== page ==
Each year, the Women’s Business Connection of Chester County selects a community partner to be a beneficiary of its fundraising and networking efforts. The WBC’s current partner is Chester County Futures, a nonprofit that provides comprehensive academic support, mentoring, and scholarships for motivated, economically disadvantaged youth, enabling them to succeed in school and life.
“Chester County Futures is considered a college access program,” said Maria McDonald, CCF’s Executive Director. “What we do in a nutshell is work alongside the students to put them on a path that will assure they reach their goal, which is higher education.”
The nonprofit equips and empowers students specifically from Oxford, Kennett, Phoenixville, and Coatesville high schools whose families meet certain income and eligibility requirements. All CCF students are considered low-income by national standards and therefore face the challenges that accompany poverty.
“Many of our students come from homes where the adults in the house are overwhelmed by meeting essentials such as food, clothing, and shelter,” said McDonald. “Our young people pack the worries from the home into their school bags every day. Relatives could be dealing with illness, addiction, or incarceration, any of which will derail learning. Our staff and volunteers encourage them to remain focused on their goals.”
CCF’s vision is to provide these students access to the support needed to become a self-reliant, productive member of society. One way of accomplishing this is through CCF’s Passport to College Program.
“It is an intensive program,” said McDonald. “We meet with them once a week for an hour and a half during the school year. We provide academic enrichment and tutoring and teach financial literacy and 21st-century skill building. We also take students on corporate site visits and have volunteers come into classrooms to talk about their professions and educational background.”
Students in the higher grades are also taken on college tours, and those without access to advanced technology are given new or refurbished laptops.
In the one-to-one mentoring program, which is particularly valuable for at-risk youth, students receive additional guidance from caring adult volunteers who have similar interests.
“By the time they are in their senior year of high school, they are ready,” said McDonald. “They know how to apply for scholarships and what it’s going to take to not just get accepted into the college of their choice, but how to pay for it.”
As a supplement to any other financial aid, CCF provides each college student with a $1,000-per-year scholarship, provided they keep their grades up.
Also, Steps 4 Success, a college transition program, helps students in those critical, first 18 months of college when their progress is most likely to suffer due to time management skills, academic challenges, or financial pressures.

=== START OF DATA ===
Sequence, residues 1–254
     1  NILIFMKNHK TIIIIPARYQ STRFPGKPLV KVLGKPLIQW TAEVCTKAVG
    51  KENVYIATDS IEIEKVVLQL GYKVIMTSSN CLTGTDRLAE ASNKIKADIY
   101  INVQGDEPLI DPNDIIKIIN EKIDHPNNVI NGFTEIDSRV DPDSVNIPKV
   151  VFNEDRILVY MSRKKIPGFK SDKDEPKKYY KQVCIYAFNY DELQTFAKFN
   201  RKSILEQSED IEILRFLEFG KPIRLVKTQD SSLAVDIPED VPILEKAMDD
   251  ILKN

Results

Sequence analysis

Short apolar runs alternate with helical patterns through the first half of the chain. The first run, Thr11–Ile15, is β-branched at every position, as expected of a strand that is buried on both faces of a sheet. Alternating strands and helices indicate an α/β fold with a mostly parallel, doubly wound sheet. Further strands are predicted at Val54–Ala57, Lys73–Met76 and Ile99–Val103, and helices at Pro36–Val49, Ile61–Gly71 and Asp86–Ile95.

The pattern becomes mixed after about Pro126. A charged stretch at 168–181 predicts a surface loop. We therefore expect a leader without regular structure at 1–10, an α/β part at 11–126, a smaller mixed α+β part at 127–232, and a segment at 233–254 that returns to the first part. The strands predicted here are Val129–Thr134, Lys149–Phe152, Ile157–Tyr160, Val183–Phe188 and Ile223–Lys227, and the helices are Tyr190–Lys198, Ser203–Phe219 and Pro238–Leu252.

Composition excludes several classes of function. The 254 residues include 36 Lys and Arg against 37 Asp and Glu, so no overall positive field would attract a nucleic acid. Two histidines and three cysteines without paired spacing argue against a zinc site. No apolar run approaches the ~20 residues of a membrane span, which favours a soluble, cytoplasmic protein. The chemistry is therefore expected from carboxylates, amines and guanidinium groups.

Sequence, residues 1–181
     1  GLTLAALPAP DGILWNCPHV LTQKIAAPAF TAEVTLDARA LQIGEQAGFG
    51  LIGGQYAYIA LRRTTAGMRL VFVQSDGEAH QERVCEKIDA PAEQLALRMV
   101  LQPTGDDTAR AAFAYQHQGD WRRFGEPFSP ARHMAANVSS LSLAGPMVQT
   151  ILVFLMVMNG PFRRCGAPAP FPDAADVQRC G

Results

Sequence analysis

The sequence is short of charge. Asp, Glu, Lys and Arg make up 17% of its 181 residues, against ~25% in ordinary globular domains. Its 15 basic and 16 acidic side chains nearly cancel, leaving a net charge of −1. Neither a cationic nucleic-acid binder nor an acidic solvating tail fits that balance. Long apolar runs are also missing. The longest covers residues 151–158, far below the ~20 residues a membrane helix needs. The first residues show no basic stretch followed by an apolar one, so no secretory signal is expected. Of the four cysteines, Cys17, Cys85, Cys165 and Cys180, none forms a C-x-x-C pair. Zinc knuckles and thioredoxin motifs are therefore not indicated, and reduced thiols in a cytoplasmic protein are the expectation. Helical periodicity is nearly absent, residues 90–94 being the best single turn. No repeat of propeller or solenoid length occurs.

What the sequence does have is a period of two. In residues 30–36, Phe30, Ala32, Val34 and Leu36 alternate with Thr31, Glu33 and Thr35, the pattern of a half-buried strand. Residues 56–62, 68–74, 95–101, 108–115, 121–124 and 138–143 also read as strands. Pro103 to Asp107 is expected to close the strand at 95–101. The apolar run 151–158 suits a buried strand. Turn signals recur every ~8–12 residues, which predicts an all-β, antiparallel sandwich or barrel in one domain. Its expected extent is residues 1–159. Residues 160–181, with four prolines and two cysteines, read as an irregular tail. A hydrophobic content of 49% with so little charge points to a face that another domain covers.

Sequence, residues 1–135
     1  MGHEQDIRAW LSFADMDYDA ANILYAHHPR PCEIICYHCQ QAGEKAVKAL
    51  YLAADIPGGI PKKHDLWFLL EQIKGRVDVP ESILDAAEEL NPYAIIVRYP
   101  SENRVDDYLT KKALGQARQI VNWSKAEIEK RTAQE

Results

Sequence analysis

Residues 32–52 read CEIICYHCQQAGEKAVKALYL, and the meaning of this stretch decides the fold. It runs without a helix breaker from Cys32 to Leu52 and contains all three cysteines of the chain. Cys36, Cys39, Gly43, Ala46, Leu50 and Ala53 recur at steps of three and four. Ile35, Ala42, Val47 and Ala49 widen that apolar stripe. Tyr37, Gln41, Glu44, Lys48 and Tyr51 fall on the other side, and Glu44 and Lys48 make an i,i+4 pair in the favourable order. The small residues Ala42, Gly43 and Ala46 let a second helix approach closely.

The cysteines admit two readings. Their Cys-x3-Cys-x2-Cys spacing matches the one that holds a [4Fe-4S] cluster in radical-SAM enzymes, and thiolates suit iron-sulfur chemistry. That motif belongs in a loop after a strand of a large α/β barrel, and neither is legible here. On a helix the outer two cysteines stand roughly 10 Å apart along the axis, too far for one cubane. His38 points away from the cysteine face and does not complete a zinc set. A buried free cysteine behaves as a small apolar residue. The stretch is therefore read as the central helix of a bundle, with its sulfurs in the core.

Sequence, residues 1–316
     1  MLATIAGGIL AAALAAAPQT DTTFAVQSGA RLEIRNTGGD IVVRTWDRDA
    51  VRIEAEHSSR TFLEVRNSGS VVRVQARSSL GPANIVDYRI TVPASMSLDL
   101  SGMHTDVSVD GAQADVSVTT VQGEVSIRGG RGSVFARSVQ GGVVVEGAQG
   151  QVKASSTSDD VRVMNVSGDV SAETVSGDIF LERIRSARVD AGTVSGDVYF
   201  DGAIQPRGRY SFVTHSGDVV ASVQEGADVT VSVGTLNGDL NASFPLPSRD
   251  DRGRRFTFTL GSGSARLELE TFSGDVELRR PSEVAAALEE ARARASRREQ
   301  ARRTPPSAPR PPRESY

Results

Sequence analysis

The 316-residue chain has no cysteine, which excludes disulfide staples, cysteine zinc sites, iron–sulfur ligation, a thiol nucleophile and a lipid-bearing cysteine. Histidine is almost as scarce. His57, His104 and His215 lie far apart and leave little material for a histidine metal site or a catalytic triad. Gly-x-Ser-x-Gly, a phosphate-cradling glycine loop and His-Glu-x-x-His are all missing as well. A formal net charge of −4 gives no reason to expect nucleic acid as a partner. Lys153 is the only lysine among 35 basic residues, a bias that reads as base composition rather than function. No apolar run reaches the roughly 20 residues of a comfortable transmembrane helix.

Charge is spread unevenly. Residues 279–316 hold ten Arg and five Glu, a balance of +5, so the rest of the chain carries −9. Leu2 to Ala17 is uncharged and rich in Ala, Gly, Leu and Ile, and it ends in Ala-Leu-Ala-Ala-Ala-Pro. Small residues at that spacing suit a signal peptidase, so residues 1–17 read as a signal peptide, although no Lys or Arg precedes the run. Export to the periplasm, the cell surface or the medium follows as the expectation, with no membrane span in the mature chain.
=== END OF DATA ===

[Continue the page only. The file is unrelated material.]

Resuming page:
“This program works to help them identify what they are struggling with and find the resources on their campuses,” said McDonald. “These kids want this, and they’re willing to work for it. We want them to be independent, but we try to fill in the gaps and keep them on track.”
The strategy to “keep them on track” throughout their high school and college careers has proven successful, as 100 percent of CCF students have received high school diplomas on time for 23 consecutive years. Furthermore, 54 percent of these economically disadvantaged students have graduated from college. That’s almost five times the national average of 11 percent.
Recognizing the continued commitment of CCF to these students since 1996 was the reason CCF was chosen by the Women’s Business Connection as its Community Partner for 2020.
“What Chester County Futures offers to the youth in our communities is critical,” said the WBC’s Dee Hurford of Dee Hurford Designs. “It’s our honor to support them.”
In addition to targeting its fundraising efforts to its annual Community Partner, the WBC creates networking opportunities and other ways to add value to an organization.
“Our Community Partner program is a strong part of our mission,” said WBC President Diana Mattingly of First Resource Bank. “Being able to provide not only visibility but also donation opportunities is even more important at this time when hands-on support is limited due to the novel coronavirus restrictions. We’re delighted to support the good work of Chester County Futures.”
According to McDonald, the opportunity to raise the profile of CCF is just as important as any financial support.
“The fact that we are being introduced to more and more people will help broaden our donor base and provide more volunteers, which is extremely valuable,” she said. “We’re just thrilled with the partnership.”
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